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‘Trump is screaming’: New report says the president’s aides are pushing to fire Rudy Giuliani as he goes down in flames

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Everybody from MSNBC to Fox News is baffled by Rudy Giuliani whirlwind press strategy in recent days, which has potentially implicated his client President Donald Trump in crimes and changed the narrative of the explosive Trump Tower Moscow deal more times than anyone can count.

At either the pinnacle or the rock bottom of this mystifying performance, depending on your perspective, Giuliani declared in an interview with the New Yorker that he’s worried his tombstone will read, “Rudy Giuliani: He lied for Trump.”

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And according to a new report Tuesday by Vanity Fair’s Gabriel Sherman, Trump is furious about Giuliani’s public relations disaster.

“Trump is screaming,” one of Sherman’s Republican sources said. “He’s so mad at Rudy.”

Giuliani has claimed that the president is not angry, he just wants the truth to be known. But Giuliani has contradicted himself so many times, there’s every reason to think he might soon reveal that the president has been cursing him out.

Sherman also reports that some of Trump’s closest advisers, including daughter Ivanka Trump and her husband Jared Kushner, want the president to fire the former mayor of New York.

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The report continues:

As Giuliani’s unforced errors pile up, former West Wing officials and 2016 campaign veterans are privately debating what’s gone wrong with Rudy. Why, they ask, is he making statements that so obviously damage his client? A former White House official speculated that maybe Giuliani “has lost his mind.” But there are other, more charitable ways of interpreting Giuliani’s interviews. As I’ve previously reported, the Trump-Giuliani relationship hasn’t been good for weeks. Giuliani has said privately that he “hates the job” and that Mueller’s final report will be “horrific” for Trump. Facing these challenges and pressures, it’s understandable he would make mistakes, the thinking goes. “Everyone who works for Trump screws up because there’s no way to please the guy,” an outside Trump adviser said.

Sherman also said that it seems Giuliani is addicted to the press attention he gets from his position — something he hasn’t received since his political star faded.

As Trump’s lawyer, Giuliani has taken on an excessively public role, leading many to believe that he is running more of a public relations strategy than a legal defense. Many also speculate that it may be Giuliani’s role to muddy the waters and get out ahead of bad news when possible to dampen the blow. But if Giuliani’s role is mainly that of communications, it seems he could almost certainly be doing a better job if he didn’t keep revealing incriminating facts about the president and then backpedaling. It may be that the simplest explanation of Giuliani’s behavior is the right one: He’s not good at his job.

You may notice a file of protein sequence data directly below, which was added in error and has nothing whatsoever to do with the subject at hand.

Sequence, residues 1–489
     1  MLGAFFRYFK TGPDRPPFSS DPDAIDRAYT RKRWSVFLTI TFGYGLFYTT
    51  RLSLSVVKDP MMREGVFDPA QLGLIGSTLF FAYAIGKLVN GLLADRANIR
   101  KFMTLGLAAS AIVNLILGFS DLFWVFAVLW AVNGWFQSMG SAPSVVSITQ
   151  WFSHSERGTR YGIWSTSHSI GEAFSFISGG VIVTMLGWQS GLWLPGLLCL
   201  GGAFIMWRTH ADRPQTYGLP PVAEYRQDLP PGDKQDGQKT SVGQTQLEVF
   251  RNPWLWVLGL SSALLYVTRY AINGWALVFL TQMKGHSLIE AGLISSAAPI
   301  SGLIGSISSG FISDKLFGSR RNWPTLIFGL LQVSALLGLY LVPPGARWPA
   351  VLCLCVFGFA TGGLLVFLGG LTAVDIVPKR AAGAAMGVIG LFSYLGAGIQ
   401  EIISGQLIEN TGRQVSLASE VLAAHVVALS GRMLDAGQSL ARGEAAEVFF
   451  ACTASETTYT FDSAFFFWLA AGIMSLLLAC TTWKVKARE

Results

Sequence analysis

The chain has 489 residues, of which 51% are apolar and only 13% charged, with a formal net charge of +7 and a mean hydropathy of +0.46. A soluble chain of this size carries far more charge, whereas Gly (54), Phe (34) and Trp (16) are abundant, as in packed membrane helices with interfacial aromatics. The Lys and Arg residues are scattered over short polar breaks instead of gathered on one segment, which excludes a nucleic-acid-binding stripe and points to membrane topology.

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Republicans love the Constitution — until it applies to them: Conservative columnist

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Conservative Washington Post columnist Max Boot unleashed on President Donald Trump's latest scandal he's calling Ukraine-gate. But when it comes to Republicans, he called them outright complicit.

In his Sunday column, Boot noted that a mob boss doesn't have to overtly say “pay up, or we will destroy your store” to be guilty of extortion. In Trump's case, he tends to say things in a way that it is understood what he wants people to do, according to former "fixer" Michael Cohen.

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Hate for Trump sets new record of Americans who can’t stand a president

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A new poll shows a record number of Americans can't stand the president of the United States.

According to the most recent NBC News/Wall Street Journal public opinion poll, an astounding 69 percent of Americans don't like Trump personally.

During the early 2000s, President George W. Bush enjoyed the benefit of Americans finding him likable and wanting to "have a beer" with the sober leader. That measure of "likability" has been a kind of inspiration for political leaders searching for voters based not on issues but on personality.

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Here’s how the law governing whistleblowers applies to the Trump Ukraine complaint

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This week it was revealed that President Donald Trump did something so concerning that an intelligence staffer felt the need to report the incident and file for whistleblower protections.

Trump asked Ukraine to look into scandals about former Vice President Joe Biden's son Hunter. For nearly a year, Trump's former attorney Rudy Giuliani was admittedly working to persuade officials in Ukraine to find "dirt" on the Bidens that they could use in the election. While the accusations against the younger Biden have been disproven, it's suspected, but not confirmed, that this was the incident detailed in the complaint.

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